Nutritionist Sarah Carolides helps you zero-in on all the nutrients you need to out-run the common cold
When the mercury plummets it’s normally accompanied by the sound of coughs around the office, not to mention that one colleague who insists on snorting snot down the back of their neck at full volume. But while they have no excuse, your immune system does. You see, the cold weather is not only when the rhinoviruses that cause colds are at their most virulent, but the phagocytes in our body designed to see off infection are also at their most sluggish.
And so, while there are things that you do that can hamper your immune system – chiefly, stressing about work and drinking too much – choosing the right foods is a simple way to bolster your defenses. And now more than ever is the time to afford your immune system a little TLC. Carolides explains how:
WATER AND TEA
Our mucous membranes are a barrier, helping to keep viruses out, but they (and therefore we) need to stay well hydrated to make sure they can do their job. Moreover, fluids help the lymphatic system to flush out waste. For best results, choose water and herbal teas, for example, made from fresh ginger and lemon. Also, you could try rockrose tea, also known as cistus tea. Thanks to the polyphenols it contains, the plant inhibits the multiplication of viruses, stopping a cold or flu in its tracks. Cistus works in synergy with your vitamin C supplements, enhancing its action, too.
Ginger makes it harder for viruses to attach to our mucous membranes, but should they manage that, the herb also impairs their capacity to get into our bloodstream. It doesn’t stop there: ginger encourages our own body’s cells to secrete an antiviral chemical, which creates another line of defence. Add a knob to homemade juices, and be liberal when you’re cooking your next Thai curry.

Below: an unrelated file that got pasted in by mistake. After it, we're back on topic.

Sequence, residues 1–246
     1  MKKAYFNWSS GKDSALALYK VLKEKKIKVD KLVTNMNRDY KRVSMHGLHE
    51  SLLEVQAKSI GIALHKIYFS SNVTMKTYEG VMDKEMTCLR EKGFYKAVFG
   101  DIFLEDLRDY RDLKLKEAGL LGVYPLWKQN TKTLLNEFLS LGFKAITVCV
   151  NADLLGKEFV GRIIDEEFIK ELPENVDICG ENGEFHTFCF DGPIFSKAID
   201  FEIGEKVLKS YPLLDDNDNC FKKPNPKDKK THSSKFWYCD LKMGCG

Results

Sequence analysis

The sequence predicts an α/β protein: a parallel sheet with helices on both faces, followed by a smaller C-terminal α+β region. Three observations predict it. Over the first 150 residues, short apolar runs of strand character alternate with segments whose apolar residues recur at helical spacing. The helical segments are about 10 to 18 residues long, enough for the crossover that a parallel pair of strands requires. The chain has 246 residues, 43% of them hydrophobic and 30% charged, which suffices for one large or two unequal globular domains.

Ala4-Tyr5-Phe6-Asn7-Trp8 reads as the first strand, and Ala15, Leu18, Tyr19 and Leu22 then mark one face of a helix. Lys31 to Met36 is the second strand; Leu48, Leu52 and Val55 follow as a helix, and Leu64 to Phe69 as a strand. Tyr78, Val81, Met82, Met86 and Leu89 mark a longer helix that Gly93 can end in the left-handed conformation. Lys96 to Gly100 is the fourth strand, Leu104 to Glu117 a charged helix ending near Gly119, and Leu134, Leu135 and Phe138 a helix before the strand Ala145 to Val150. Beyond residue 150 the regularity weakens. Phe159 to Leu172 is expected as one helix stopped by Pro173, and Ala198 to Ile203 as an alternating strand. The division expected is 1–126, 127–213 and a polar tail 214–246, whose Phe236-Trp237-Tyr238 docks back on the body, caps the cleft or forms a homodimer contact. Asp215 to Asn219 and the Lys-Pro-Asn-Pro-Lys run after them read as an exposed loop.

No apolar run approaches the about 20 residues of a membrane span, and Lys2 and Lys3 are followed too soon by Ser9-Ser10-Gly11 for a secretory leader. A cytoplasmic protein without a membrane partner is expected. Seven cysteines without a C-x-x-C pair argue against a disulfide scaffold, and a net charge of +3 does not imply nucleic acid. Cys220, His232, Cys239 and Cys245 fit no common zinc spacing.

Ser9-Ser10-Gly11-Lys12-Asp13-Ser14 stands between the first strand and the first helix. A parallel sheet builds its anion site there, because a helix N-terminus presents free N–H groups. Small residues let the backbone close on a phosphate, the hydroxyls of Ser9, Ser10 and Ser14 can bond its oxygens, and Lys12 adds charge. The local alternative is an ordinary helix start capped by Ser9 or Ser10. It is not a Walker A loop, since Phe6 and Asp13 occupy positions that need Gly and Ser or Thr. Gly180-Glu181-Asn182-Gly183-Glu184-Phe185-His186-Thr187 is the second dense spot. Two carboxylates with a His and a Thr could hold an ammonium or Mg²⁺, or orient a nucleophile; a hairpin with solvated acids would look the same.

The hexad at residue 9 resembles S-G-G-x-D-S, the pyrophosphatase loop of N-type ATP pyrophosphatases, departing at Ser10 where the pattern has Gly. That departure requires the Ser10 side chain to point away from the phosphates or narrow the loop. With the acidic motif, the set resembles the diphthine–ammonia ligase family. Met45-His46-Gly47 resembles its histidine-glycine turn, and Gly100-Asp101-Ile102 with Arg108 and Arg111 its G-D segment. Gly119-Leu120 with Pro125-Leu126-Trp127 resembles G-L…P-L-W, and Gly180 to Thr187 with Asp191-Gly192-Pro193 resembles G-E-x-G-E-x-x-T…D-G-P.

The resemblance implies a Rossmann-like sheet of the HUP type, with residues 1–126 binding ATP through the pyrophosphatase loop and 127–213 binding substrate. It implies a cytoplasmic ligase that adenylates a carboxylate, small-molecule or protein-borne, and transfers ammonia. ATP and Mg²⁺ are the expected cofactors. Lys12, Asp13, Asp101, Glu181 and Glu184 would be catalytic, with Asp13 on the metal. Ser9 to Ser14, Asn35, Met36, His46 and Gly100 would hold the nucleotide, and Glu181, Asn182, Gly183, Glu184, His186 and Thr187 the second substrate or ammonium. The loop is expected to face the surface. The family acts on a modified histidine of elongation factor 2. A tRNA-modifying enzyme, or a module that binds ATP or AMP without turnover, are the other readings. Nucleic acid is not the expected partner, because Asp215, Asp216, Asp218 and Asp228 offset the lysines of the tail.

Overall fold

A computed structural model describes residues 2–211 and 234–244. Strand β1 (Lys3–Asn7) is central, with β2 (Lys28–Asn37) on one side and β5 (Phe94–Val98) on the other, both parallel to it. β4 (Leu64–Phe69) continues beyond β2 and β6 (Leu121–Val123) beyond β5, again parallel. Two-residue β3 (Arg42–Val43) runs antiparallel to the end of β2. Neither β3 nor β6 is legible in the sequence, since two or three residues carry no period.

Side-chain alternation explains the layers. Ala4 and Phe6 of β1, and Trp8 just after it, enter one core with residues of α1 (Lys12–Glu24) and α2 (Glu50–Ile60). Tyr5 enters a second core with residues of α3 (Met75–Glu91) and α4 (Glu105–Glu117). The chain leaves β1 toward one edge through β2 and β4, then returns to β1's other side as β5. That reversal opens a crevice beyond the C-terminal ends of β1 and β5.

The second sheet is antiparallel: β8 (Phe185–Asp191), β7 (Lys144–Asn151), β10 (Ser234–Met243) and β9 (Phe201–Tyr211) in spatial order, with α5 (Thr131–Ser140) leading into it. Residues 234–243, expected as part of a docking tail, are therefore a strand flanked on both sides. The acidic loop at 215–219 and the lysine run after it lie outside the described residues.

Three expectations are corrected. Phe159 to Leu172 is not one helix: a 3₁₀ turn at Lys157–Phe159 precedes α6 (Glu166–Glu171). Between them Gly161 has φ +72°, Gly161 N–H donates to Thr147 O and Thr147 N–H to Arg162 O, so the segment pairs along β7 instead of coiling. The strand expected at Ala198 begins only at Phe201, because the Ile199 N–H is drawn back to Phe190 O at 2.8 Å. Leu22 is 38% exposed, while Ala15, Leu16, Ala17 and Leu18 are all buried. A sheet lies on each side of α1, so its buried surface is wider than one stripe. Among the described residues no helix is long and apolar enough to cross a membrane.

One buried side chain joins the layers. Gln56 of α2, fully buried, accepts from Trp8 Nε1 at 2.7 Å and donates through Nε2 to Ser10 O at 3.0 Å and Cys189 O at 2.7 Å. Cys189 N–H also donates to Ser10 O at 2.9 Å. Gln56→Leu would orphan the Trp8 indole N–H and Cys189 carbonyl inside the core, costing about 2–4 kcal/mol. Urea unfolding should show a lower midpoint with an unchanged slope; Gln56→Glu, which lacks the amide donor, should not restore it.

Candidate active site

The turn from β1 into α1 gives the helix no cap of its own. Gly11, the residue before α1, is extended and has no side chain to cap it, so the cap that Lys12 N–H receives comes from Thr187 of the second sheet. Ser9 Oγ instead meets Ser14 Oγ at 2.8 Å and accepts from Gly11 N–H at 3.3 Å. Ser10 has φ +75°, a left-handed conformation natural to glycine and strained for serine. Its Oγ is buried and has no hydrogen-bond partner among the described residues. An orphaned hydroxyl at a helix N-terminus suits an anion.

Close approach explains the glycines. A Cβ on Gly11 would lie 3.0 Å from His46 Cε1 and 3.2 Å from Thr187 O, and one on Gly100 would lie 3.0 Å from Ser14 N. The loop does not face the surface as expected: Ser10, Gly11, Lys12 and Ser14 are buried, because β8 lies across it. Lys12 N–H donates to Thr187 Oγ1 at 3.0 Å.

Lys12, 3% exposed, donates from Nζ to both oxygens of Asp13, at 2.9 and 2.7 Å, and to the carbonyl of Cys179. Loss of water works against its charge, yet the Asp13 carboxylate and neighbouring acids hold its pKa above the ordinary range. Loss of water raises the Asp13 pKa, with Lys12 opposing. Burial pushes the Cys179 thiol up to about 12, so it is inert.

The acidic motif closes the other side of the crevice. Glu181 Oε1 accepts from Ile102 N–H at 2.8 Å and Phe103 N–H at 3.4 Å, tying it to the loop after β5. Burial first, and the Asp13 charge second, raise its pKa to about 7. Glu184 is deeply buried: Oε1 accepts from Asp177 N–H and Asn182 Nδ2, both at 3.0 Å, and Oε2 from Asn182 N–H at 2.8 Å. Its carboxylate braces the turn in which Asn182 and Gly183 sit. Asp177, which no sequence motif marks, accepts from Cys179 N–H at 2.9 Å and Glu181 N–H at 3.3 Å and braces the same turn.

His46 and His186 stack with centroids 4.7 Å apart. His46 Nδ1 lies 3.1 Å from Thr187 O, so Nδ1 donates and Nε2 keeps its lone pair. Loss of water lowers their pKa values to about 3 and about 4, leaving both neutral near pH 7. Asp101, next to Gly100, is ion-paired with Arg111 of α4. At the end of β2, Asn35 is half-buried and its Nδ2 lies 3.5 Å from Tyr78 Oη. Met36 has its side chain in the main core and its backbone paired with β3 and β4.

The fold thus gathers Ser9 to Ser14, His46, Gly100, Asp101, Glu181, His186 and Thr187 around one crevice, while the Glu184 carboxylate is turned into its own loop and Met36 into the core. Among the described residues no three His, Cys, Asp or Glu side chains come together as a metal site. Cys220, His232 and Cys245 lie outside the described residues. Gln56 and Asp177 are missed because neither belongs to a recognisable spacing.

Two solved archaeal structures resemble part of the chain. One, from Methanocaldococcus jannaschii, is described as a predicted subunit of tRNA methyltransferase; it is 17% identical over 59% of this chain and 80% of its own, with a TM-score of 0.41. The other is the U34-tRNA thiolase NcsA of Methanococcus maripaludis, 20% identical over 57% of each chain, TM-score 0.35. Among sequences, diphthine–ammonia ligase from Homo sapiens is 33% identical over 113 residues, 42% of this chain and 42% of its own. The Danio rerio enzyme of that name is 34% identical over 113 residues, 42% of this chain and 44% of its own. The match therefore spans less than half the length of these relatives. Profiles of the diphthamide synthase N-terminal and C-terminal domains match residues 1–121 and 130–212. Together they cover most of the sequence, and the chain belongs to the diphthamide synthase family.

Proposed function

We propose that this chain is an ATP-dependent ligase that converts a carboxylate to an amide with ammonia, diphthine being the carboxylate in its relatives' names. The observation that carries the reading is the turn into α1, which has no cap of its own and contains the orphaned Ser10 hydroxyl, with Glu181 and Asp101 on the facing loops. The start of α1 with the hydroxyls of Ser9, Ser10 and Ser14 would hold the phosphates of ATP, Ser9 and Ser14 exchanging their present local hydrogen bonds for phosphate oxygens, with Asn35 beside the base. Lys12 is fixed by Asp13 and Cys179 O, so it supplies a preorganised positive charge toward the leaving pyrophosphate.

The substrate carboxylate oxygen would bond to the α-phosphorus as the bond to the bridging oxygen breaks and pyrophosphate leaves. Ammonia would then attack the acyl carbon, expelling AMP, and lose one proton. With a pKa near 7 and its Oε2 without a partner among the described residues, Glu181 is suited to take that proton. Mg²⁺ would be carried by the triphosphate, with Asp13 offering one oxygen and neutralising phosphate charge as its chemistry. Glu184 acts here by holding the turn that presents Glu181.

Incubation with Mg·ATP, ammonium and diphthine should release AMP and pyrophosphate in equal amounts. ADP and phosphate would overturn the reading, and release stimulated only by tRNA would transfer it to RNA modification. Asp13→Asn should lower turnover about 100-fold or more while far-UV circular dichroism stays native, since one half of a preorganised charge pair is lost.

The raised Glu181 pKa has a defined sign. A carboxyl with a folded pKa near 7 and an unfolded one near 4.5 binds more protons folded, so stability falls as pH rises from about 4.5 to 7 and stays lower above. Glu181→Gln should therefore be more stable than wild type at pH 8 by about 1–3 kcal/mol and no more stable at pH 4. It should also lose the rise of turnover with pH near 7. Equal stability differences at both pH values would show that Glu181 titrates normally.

Like ginger, garlic has long been known to protect from cold and flu. Crushing, chopping or grating raw garlic releases an enzyme that turns alliin into allicin, garlic’s magic weapon. Raw garlic has more of it than cooked, but a little trick can help you get the most allicin out of cooked garlic, if that’s how you prefer to consume yours: leave your chopped, crushed or grated garlic alone for 10 minutes before adding it to your stir-fry. This gives the enzyme more time to work and once formed, allicin is relatively heat-stable.
A recent research paper found that vitamin D was particularly efficient in preventing throat and chest infections. Vitamin D is the only vitamin the human body can produce. It is made in the skin under the influence of sunlight; unfortunately, the sun does not shine enough in the northern hemisphere, especially during the winter. For that reason, many of us are severely deficient in vitamin D and natural food sources are few and far between. However, oily fish is one of the best – as a fat-soluble vitamin, it accumulates in the fatty tissue of fish like salmon, mackerel, sardines or herring. It’s also found in egg yolk, which sounds like an ideal breakfast pairing to me…
NUTS AND SEEDS
Recent research found that if you have a cold, 20mg of zinc per day can reduce the duration of the common cold by a third. Nuts, seeds and pulses are valuable sources of zinc, but you need a lot to increase your levels. Get into the habit of sprinkling seeds and chopped nuts over your yoghurts, soups and salads, and snack on nuts instead of chocolate. During a cold, top it up with a supplement or, if you’re feeling fancy, just two oysters would more than cover 20mg.